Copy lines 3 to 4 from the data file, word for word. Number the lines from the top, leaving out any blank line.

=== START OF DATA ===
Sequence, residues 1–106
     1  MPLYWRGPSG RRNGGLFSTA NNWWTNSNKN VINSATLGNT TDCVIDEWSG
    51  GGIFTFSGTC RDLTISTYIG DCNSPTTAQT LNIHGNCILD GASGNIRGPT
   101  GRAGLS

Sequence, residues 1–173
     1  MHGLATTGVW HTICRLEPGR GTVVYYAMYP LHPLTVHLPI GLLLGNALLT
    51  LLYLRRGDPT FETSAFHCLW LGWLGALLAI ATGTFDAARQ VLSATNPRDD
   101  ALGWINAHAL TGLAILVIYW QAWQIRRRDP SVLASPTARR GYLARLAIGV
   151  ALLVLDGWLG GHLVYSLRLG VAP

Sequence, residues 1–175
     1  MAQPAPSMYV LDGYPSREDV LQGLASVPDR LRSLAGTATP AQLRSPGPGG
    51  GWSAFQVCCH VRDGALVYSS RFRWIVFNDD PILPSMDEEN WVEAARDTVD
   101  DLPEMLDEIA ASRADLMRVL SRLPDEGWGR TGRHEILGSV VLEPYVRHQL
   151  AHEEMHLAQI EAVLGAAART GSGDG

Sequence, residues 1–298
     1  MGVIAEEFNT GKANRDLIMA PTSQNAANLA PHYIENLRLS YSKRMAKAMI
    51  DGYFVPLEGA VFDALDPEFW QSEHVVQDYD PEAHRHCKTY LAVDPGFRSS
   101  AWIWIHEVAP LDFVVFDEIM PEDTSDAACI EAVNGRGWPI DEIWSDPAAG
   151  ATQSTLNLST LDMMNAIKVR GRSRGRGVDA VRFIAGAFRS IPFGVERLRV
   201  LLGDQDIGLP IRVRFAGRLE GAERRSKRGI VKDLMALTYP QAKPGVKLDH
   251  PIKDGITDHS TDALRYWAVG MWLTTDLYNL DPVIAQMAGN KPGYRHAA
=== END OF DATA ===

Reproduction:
    51  GGIFTFSGTC RDLTISTYIG DCNSPTTAQT LNIHGNCILD GASGNIRGPT
   101  GRAGLS